Evaluation of factors affecting yield improvement in oilseed rape
About this project
Oilseed rape has shown little increase in average commercial yields from 1980 onwards, whereas there has been some progress in improving yields through breeding. The project aimed to identify and evaluate the likely causes of the failure of the commercial crop yields to improve compared to the yield of Recommended List (RL) trials.
Statistical analysis confirmed that yield of oilseed rape from RL trials has increased at approximately 0.033t/ha/year since 1987, whereas there has not been an increase in yield of commercial crops over this time. This has been confirmed even when the RL trial yields are adjusted to represent a similar varietal composition to the national crop in any given year. The difference between the trial and commercial yields increased in the early 1990s, thereafter returning to pre-1990 levels before increasing again.
An increase in disease levels, particularly light leaf spot, is a major factor in accounting for this yield differential. Another important factor is that of sulphur availability. Atmospheric sulphur deposition has declined markedly and, although it is not possible to quantify national yield effect, much of the UK crop is now at high risk of sulphur deficiency. Variation in the proportion of spring rape grown from year to year has made a smaller contribution to the failure of the commercial crop to increase yield. Nitrogen fertiliser is applied at a lower rate now than in the 1980s, but this is only likely to be responsible for a small effect on yield.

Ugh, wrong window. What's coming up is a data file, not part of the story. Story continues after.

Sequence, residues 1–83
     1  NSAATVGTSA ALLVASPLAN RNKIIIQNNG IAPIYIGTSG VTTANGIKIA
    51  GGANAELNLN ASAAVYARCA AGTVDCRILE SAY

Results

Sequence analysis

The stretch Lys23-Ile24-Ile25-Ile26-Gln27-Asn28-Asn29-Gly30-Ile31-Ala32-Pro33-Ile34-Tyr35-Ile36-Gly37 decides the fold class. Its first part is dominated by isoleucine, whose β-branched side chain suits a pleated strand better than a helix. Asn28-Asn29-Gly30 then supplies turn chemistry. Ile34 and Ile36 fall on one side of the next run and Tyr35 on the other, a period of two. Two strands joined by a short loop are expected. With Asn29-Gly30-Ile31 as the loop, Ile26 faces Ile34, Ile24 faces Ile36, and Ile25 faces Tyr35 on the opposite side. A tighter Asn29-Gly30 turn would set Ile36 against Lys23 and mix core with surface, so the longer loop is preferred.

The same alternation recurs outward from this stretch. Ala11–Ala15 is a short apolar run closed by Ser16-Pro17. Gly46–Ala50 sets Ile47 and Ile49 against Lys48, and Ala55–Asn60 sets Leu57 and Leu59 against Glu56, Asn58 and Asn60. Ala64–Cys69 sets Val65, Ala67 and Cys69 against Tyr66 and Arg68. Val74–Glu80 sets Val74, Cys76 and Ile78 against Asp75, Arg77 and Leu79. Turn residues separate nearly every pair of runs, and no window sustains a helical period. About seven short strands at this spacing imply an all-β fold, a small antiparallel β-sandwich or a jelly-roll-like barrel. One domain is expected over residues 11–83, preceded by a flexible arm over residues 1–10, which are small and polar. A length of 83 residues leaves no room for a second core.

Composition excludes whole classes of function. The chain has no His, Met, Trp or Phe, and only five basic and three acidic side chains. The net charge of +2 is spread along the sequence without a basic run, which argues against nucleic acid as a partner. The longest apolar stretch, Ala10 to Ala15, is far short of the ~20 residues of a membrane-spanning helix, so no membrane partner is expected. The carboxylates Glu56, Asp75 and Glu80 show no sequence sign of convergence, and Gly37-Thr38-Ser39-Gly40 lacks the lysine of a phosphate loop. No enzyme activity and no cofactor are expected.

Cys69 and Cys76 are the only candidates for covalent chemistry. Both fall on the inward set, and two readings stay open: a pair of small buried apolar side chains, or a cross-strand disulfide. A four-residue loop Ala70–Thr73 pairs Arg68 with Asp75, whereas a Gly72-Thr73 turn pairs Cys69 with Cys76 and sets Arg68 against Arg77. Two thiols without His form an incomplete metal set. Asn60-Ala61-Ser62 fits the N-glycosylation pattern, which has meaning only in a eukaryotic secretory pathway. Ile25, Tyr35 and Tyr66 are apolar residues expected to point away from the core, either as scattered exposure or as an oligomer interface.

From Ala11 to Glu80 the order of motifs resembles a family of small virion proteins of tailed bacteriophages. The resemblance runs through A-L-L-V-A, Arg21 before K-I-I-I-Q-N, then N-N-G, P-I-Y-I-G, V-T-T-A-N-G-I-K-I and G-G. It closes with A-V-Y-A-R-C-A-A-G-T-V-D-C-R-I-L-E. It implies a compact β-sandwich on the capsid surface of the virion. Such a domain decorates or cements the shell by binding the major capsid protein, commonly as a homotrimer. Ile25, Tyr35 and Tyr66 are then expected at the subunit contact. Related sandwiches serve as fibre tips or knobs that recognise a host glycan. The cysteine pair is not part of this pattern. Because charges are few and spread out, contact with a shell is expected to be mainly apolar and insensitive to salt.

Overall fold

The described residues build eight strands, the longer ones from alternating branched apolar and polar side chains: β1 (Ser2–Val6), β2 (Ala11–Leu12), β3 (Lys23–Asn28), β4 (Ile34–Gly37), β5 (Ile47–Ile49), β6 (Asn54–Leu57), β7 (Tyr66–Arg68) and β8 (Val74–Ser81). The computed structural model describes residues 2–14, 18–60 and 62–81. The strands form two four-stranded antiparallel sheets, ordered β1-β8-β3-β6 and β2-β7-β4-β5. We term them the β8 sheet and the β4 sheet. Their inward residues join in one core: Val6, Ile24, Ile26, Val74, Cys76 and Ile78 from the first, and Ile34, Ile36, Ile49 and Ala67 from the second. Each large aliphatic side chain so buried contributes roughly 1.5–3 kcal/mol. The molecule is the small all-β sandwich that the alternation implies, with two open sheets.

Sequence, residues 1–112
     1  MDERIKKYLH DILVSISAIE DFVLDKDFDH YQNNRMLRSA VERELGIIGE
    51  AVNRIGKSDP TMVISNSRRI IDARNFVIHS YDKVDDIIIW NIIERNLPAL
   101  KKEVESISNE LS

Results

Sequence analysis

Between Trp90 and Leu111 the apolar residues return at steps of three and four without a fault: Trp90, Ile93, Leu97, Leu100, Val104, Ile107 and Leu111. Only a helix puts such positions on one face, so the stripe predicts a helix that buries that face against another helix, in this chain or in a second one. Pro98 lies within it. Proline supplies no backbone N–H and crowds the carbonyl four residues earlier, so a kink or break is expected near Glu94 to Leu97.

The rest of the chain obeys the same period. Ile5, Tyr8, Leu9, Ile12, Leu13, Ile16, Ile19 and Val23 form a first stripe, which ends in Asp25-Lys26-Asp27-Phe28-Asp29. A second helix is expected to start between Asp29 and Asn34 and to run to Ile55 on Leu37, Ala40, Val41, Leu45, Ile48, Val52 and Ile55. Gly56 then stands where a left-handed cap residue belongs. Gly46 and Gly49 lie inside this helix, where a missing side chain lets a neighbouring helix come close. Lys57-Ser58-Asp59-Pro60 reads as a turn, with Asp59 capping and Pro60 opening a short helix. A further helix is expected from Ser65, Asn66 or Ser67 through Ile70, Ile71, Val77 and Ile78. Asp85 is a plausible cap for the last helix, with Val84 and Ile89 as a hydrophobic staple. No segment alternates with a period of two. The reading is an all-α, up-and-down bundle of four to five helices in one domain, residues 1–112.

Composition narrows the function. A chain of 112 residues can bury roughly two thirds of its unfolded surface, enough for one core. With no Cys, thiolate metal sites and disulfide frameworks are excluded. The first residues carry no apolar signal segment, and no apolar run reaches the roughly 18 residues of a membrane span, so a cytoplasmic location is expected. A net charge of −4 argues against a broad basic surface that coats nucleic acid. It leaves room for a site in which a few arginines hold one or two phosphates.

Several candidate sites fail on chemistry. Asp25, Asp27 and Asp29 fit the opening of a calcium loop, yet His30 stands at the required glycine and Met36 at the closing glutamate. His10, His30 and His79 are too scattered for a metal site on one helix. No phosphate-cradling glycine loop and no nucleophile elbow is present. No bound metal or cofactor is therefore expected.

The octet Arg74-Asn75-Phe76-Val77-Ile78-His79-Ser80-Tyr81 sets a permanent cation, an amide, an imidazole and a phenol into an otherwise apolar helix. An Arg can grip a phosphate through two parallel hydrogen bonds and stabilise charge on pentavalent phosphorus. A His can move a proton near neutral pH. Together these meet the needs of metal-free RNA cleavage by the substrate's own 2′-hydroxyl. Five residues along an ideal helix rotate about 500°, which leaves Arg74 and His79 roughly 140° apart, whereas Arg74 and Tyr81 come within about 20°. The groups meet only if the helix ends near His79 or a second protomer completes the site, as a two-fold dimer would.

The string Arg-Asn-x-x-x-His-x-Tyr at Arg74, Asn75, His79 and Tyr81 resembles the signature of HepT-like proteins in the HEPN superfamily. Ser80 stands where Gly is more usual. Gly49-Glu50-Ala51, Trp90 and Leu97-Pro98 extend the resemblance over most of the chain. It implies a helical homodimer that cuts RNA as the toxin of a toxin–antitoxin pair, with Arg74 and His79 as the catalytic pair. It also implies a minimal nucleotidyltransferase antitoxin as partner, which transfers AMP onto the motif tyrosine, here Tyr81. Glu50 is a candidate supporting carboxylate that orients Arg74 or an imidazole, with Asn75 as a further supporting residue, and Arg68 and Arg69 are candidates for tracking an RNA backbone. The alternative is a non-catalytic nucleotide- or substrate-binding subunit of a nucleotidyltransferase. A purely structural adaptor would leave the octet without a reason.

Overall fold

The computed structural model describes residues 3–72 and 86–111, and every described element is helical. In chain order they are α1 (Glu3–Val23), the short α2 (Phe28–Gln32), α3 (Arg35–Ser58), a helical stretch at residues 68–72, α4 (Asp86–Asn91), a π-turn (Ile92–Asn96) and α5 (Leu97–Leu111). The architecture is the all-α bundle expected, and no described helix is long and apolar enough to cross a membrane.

Recommendations from this work and others offer the farmer opportunities for implementing disease control strategies and avoidance of sulphur deficiency. In order to achieve closer to the practically attainable oilseed rape yield, as demonstrated by RL trials and to develop an upward trend in national commercial yield, it is necessary to ensure that the messages from this and associated research projects are delivered to farmers, and acted upon.
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